In Haiti and the Dominican Republic, the lakes are flooding farmland, swallowing communities and leading to deforestation, baffling climate scientists.
Story and photos by Jacob Kushner for National Geographic
HISPANIOLA – On the Caribbean island of Hispaniola, home to the sovereign nations of the Dominican Republic and Haiti, two large lakes are rising dramatically.
Lake Azuéi in Haiti submerged an entire community; across the border in the Dominican Republic, Lake Enriquillo has risen nearly 33 feet in just 10 years. As their land flooded, many farmers began cut-ting down trees to make charcoal to earn a living, leading to deforestation.
Scientists from across the globe have tried to solve the mystery behind the rising lakes. Some think climate change is to blame, arguing that warming sea created more evaporation and clouds, which led to more rainfall. But if true, that would be strange, because in most of the world climate change is causing lakes to shrink.
The phenomenon is spur- ring calls for more research to help explain – and mitigate – the situation. Until scientists are able to identify the cause and work toward a solution, thousands of farmers on this Caribbean island will have to adapt.
Story and photos by Jacob Kushner
The campaign to expel the children of Haitian immigrants in the Dominican Republic is impractical. Their labor—and that of their parents—helped propel the Dominican economy last year to grow faster than all but one other country’s in Latin America, firmly establishing it as a middle-class nation. They are a significant part of the workforce in the booming construction and tourism industries that have helped transform the Dominican Republic into the most popular travel destination in the Caribbean.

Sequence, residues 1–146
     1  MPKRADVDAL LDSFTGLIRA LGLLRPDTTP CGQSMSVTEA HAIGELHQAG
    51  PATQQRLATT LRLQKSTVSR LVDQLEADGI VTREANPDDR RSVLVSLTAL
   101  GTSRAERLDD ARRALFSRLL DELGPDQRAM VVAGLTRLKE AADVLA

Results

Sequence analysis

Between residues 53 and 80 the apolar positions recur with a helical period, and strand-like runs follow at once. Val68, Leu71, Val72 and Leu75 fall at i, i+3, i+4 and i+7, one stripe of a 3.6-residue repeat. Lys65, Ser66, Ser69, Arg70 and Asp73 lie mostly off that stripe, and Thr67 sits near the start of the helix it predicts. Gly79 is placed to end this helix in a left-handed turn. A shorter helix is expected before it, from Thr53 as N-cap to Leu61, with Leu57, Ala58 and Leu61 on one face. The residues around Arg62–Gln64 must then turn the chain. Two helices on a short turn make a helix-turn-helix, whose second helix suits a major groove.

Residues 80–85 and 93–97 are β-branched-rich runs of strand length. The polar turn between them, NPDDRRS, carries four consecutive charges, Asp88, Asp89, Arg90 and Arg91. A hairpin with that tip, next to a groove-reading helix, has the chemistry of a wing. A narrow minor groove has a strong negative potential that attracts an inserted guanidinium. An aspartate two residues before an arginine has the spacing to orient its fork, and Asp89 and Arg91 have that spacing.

But in a chaotic democracy that has adopted 38 different constitutions over a century and a half, anti-Haitianismo is the one enduring notion that mainstream parties across the political spectrum can invoke with impunity. It is driven by the fervor of Dominican nationalists, and, in particular, by one powerful, ultra-conservative family and its allies. Together, they are waging a political, legal and media war to defend the Dominican Republic against what they believe is the nation’s gravest threat: Haitian immigrants and their children.
Read: Moment Magazine
Filmed and Produced by Jacob Kushner for GroundTruth
From the book, China’s Congo Plan
An IOM funded production and screening of short films in a Port-au-Prince IDP camp following the 2010 earthquake in Haiti.
Photos and Story by Jacob Kushner for NACLA.
The Port-au-Prince International Jazz Festival returned in February 2011 after it was canceled following Haiti’s devastating earthquake. Read the story Jazz Times Magazine.
After its cancellation in the wake of Haiti’s 2010 earthquake, the Jacmel Carnival celebration returns
Haitians observe the first anniversary of the 2010 earthquake through song and prayer.
Haitians protest against the declared results of the 2010 Presidential election.